Fast forward to May 2020, and the German League became the first to resume. We saw on a record-breaking traffic on their German League section, during the aforementioned month in the GCC, with the section becoming the most popular on the platform (Normally, it would not of have made its way into the top 5). The fans who turned their attention to this league were “aficionados” craving new content. In fact, 1/3 of them identified with being football fanatics, devoting a chunk of their time during the day to football alone. This became their go-to-league to follow during that month.

Thereafter, other leagues also resumed, and fans got well on their way to cherishing non-stop football action. Congested fixtures and back-to-back competitions made up for the disappointing break and the momentum continued to build over the following months. This trend is anticipated to continue until July 2021 when the highly anticipated Euro Cup will be held. The infatuation for international competitions is the highest (86% of users should be following the competition with an average of 4 digital sessions per week, per user, during the month of the Euro).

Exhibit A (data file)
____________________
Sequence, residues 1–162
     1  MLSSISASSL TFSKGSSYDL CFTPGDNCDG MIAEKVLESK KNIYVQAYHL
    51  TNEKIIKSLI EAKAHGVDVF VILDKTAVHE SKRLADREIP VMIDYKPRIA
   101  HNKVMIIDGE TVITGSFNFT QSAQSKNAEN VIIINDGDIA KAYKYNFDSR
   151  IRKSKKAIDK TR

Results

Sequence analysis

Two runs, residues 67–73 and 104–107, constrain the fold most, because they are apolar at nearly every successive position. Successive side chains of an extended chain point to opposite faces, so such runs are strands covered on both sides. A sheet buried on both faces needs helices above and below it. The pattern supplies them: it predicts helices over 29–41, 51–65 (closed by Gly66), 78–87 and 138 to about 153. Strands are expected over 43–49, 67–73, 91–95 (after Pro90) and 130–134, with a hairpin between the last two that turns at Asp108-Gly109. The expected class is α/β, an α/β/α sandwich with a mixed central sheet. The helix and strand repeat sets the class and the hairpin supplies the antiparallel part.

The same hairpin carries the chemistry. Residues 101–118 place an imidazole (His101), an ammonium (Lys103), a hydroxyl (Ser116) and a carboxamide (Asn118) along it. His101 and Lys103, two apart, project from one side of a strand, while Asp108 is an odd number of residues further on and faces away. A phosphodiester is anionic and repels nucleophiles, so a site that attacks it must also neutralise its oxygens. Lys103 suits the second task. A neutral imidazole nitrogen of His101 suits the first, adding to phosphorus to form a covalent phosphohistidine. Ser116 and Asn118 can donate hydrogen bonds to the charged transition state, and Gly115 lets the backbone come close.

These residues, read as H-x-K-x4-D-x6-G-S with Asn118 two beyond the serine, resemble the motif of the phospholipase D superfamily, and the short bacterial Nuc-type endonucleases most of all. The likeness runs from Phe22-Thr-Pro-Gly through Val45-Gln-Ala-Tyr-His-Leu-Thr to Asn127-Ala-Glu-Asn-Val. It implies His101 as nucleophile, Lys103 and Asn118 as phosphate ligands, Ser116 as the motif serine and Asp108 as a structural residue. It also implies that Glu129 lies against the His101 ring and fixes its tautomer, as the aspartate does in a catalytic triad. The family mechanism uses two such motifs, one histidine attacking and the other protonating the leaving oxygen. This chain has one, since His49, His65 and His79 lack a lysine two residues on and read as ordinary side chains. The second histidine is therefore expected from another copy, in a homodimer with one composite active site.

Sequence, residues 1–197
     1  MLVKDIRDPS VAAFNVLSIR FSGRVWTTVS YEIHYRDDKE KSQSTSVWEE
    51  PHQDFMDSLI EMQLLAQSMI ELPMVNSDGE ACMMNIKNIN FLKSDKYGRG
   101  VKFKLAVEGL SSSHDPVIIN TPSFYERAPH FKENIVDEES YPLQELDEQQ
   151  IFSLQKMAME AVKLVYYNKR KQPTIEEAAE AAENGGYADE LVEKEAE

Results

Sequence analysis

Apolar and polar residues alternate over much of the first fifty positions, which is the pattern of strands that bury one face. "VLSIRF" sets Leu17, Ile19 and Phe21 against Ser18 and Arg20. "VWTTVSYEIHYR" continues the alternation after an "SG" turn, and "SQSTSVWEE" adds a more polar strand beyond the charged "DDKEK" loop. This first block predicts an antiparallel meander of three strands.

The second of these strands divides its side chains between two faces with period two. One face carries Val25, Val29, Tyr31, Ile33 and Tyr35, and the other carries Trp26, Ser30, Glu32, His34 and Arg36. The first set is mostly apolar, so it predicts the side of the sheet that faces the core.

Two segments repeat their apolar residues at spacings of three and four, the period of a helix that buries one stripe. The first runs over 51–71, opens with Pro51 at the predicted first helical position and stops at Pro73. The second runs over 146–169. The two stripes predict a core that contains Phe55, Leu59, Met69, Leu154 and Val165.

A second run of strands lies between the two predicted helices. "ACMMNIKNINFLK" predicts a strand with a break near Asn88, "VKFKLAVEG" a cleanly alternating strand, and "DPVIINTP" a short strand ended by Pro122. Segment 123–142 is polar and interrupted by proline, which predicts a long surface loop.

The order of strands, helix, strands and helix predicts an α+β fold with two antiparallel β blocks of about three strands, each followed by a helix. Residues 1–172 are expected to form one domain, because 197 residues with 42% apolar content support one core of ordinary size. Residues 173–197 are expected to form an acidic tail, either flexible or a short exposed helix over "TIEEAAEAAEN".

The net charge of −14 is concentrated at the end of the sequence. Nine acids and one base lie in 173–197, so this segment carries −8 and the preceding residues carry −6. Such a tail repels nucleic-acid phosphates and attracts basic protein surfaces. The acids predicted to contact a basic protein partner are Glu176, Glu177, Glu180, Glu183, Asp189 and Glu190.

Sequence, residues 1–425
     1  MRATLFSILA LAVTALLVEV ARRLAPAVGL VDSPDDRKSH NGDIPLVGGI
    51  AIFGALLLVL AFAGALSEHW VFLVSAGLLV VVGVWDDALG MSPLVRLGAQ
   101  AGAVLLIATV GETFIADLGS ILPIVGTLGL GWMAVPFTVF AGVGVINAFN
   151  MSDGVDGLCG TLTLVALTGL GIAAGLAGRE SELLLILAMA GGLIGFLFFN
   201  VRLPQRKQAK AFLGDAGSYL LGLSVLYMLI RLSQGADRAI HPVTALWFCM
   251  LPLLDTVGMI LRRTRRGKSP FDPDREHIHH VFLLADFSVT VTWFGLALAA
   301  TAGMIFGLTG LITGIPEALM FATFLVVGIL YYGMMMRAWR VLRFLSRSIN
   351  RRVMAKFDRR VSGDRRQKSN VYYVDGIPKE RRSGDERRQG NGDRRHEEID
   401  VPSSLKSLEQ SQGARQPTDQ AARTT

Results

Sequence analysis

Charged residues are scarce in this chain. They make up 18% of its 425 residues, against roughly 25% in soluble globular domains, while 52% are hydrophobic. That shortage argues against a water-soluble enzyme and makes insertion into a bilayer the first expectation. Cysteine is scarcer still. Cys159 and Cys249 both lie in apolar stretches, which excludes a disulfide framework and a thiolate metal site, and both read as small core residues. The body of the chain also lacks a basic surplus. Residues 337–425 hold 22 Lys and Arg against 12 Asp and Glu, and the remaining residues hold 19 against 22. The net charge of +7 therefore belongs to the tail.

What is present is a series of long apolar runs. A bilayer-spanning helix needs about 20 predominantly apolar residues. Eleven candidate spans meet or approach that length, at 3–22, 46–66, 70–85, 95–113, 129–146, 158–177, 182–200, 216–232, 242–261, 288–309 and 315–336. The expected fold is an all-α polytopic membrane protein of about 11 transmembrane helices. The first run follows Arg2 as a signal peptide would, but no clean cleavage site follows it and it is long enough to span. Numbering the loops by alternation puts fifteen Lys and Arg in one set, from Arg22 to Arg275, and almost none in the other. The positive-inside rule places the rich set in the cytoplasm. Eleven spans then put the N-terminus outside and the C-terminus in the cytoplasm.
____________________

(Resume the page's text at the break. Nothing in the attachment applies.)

From an advertiser’s standpoint, that is a large window to leverage in terms of scale and share of voice, and most importantly an opportunity to tap into the mindset of devoted fans and spend significant time engaging with them.

Unique and personalized stories told with a local voice

Arabs in the GCC are fervent football enthusiasts. Their mindsets are constantly being shaped by the stories created by publishers and other content creators.